Xbox Live Creators Program Opens Up Xbox And Windows 10 Game Development

Microsoft announced at GDC 2017 that anyone can release games for the Xbox One and Windows 10 PCs via the new Xbox Live Creators Program. The company also highlighted several other features, such as the Beam streaming tool and the performance-boosting Game Mode, that should debut soon.

Xbox Live Creators Program

The new program opens up Xbox One and Windows 10 game development and distribution to basically anyone with a hankering to make something. The Xbox Live Creators Program will allow development on retail Xbox One consoles instead of requiring a dev kit, for example, and developers will be able to publish to a dedicated Creators section of the Xbox Games Store. (Games will also be made available for Windows 10 PCs via the Windows Store.)

Here's what Microsoft said about the program in a blog post:

With the Creators Program, anyone can integrate Xbox Live sign-in, presence, and social features into their UWP games, then publish their game to Xbox One and Windows 10. This means their title can see exposure to every Xbox One owner across the Xbox One family of devices, including Project Scorpio this holiday, as well as hundreds of millions of Windows 10 PCs, and millions of folks using the Xbox app on mobile platforms.

One notable omission from the Xbox Live Creators Program is support for multiplayer gameplay and achievements; those features will be limited to members of the more exclusive ID@Xbox program. More information about the Xbox Live Creators Program can be found on Microsoft's website. The company said that sign-ups will be limited at first so it can fine-tune the program, but it plans to open up the program to everyone later on.

Microsoft's decision to open up Xbox and Windows 10 game development comes at an interesting time: Valve recently changed the rules for its Steam marketplace to be more restrictive. The Xbox Live Creators Program is likely meant to capitalize on those new limitations and encourage devs to create Universal Windows Platform (UWP) games. Time will tell if opening the floodgates will cause the same problems for Microsoft that it did for Valve.

Beam, Game Mode, And More

The rest of Microsoft's announcement focused on small updates to features and services we already knew about. The Xbox Game Pass--which offers unlimited access to Xbox One and "backwards compatible" Xbox 360 titles for $10 per month-- servicerevealed earlier this week got a shout-out. So did Beam, which was announced in October 2016 and will offer "fast, low-latency, interactive game broadcasting." Here's the big news about Beam:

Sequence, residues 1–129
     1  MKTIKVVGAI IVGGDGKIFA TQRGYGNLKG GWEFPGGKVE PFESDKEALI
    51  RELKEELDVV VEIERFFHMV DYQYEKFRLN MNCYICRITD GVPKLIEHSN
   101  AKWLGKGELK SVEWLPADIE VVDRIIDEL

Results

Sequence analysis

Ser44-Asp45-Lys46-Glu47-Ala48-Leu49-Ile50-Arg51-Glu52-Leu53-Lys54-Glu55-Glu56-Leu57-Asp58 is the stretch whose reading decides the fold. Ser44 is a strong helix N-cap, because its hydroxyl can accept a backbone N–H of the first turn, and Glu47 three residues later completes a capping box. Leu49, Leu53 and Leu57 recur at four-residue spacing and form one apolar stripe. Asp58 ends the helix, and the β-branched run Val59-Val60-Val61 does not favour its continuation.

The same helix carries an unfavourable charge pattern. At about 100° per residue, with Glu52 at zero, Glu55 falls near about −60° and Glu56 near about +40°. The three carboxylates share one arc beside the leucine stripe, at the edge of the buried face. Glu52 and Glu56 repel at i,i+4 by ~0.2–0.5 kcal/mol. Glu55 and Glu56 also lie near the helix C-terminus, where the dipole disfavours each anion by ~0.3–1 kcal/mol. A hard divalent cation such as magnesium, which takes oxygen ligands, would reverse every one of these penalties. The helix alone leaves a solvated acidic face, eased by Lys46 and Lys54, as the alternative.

Building on this, today we shared preliminary details of the Beam Interactivity 2.0 SDK with developers – coming in March, this SDK will make developing interactive streaming features much easier and enable a wide range of new design scenarios. More details about this SDK will be published on the Beam blog and detailed in the Beam-specific GDC talk tomorrow.
Microsoft also drew attention to Game Mode, a feature coming in the Windows 10 Creators Update this Spring that promises to boost game performance, and new additions to the Xbox Play Anywhere platform that allows Xbox One and Windows 10 PC owners to play games on either platform at will. The company said that 10 games already support Xbox Play Anywhere and 16 more are going to embrace the platform some time in the near future.
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  • shrapnel_indie
    Microsoft's answer to Sony's Playstation Now. ... AND their move to lock you deeper into the Windows 10 world, or at least entice the holdouts to jump on the Win10 bandwagon.
  • Drazek
    SHRAPNEL_INDIE - correct me if I'm wrong but this merely sounds like Microsoft are 'allowing' any developer to publish their games onto windows 10/xbox one. and are not restricting developers to only that platform, so there's no reason why you can't also release your game on steam or playstation/etc if you wish to (and if they let you.)

    So I wouldn't call this a move to lock you deeper into the xbox/windows platform exactly... it's just another option open to all developers.
  • photonboy
    Aside from getting potentially CRAPPY games which is a trend when it's cheap and easy to make a game (a "game" not necessarily a good game), I don't see this as a bad thing.

    Publishing on UWP can make it easier in theory to publish the same game to the MS STORE as to the XBOX ONE.

    If they allow users with both a PC and XBOX ONE to buy the game once I'm interested, but until a game is BETTER for being published on the MS STORE I'll stick with Steam (I have a couple games like GEARS 4 on PC but that's due to no choice in the matter. The DOWNLOAD service is still a mess though that will get fixed).

    I like more CHOICE and competition provided it doesn't restrict me somehow. I'm not overly concerned with this here.